The National  Memo Logo

Smart. Sharp. Funny. Fearless.

Monday, December 09, 2019 {{ new Date().getDay() }}

If cosmic justice prevails, Donald J. Trump could live to see the Atlantic Ocean roll through his beloved Mar-a-Lago resort from the sea to the Intracoastal Waterway. His children almost certainly will.

The plush country club is built upon what geologists call a barrier beach—essentially a sandbar between the ocean and the bay. Already, water pools on parts of the property during coastal storms and extreme high tides, as sea levels driven by global warming rise a bit faster every year.

Within 30 years, climatologists estimate, Mar-a-Lago could be vulnerable to flooding as many as 210 days a year. It’s a growing problem across South Florida. Even mighty Donald cannot command the sea.

Indeed, disaster could come as early as this year’s North Atlantic hurricane season, predicted to be an active one. Experts calculate that the storm surge from even a category two storm could leave parts of the “Southern White House” property under a foot or more of water. Maybe the president can change Mar-a-Lago from a golfing to a surfing resort.

Perhaps he might then get around to appointing somebody to head FEMA, the Federal Emergency Management Agency, which he hasn’t otherwise hasn’t done—too busy conducting a one-sided Twitter feud with the mayor of London. He’s also named no US Attorneys, and a small handful of ambassadors.

But then, hey, who needs diplomats? Trump can insult and belittle America’s strongest allies entirely on his own.

Evidently, Trump thought sophisticates were laughing at him in Europe and became determined to make them pay the price in symbolic gestures. Them and Barack Obama, whose negotiation of the Paris Climate Accords was rightly seen as the diplomatic high-point of his presidency—not because it bound the United States to what Trump falsely called a “draconian” regulatory regime, but because China, India and other developing countries agreed to participate for the first time.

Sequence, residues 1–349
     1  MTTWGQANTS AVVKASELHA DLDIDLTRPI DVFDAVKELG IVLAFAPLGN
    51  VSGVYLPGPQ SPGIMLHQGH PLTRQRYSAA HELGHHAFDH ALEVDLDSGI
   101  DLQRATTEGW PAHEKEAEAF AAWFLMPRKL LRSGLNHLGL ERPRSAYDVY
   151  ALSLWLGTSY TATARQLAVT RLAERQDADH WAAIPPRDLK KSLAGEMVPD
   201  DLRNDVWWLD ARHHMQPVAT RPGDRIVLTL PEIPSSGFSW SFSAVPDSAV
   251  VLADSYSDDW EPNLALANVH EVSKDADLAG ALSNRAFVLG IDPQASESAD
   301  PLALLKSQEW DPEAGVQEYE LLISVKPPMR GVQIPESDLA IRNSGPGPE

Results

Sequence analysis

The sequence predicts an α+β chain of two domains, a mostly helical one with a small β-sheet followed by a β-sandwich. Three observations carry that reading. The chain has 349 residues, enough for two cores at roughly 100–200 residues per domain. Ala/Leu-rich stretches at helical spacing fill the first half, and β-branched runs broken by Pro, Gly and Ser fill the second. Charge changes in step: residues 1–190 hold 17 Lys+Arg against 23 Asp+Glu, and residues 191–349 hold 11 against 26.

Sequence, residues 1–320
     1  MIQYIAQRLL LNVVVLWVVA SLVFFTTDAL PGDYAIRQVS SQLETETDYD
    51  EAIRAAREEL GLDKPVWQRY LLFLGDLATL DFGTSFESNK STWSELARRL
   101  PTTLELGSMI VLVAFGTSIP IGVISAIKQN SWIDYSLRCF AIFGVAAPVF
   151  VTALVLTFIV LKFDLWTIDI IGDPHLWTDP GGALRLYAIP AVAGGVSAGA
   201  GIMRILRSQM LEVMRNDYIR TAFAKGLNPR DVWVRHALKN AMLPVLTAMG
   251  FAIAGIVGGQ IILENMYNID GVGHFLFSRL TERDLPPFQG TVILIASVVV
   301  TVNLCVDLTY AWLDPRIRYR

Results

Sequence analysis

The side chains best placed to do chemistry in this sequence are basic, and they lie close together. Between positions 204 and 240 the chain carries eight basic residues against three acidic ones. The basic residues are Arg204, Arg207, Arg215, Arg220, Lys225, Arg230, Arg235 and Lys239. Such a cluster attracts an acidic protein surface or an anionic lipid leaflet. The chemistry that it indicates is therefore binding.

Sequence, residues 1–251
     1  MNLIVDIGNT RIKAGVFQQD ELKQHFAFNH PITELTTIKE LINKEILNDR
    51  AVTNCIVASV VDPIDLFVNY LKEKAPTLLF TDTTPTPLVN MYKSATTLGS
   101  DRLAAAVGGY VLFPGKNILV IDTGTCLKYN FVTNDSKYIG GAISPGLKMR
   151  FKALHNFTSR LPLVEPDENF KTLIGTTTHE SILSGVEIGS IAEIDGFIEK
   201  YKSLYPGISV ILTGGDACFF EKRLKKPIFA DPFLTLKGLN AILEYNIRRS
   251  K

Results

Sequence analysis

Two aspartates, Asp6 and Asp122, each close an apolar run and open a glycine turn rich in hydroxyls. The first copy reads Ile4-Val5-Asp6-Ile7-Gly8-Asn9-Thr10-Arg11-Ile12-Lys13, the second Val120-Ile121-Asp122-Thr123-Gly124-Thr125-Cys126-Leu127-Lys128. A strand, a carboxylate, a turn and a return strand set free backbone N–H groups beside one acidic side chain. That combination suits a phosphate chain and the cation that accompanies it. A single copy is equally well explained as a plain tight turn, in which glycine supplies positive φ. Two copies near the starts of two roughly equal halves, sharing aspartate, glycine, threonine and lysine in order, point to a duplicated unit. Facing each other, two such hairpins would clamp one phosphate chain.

Why falsely? Because everything in the Paris agreement is strictly voluntary. There are no penalties and no enforcement mechanisms in the agreement whatsoever. Each nation remains free to set its own goals for greenhouse gas abatement and to change them at any time.

It’s a cooperative, not a coercive thing.

So if Trump had merely chosen to cancel Obama’s Power Plan to please Koch Industries and other industrial polluters, all he had to do was say so. Issue an executive order countermanding President Obama’s and bingo, it’s done.

Sure, China’s free to build all the coal-fired electrical plants it wants, although it’s cancelled more than 100 of the damn things. But then contrary to Trump, so was the United States free to do so, although hardly anybody wants to.

Hillary Clinton may have been smug and impolitic when she said during the campaign that her climate policies would “put a lot of coal miners and coal companies out of business.” But it’s going to happen anyway.

A group of protesters gathered on Palm Beach island to protest President Trump on Saturday. The president was not in town.

Coal’s too expensive and dirty, a 20th-century technology that pollutes the air and fouls the water. Natural gas and solar are winning in the marketplace everywhere but Wyoming and West Virginia.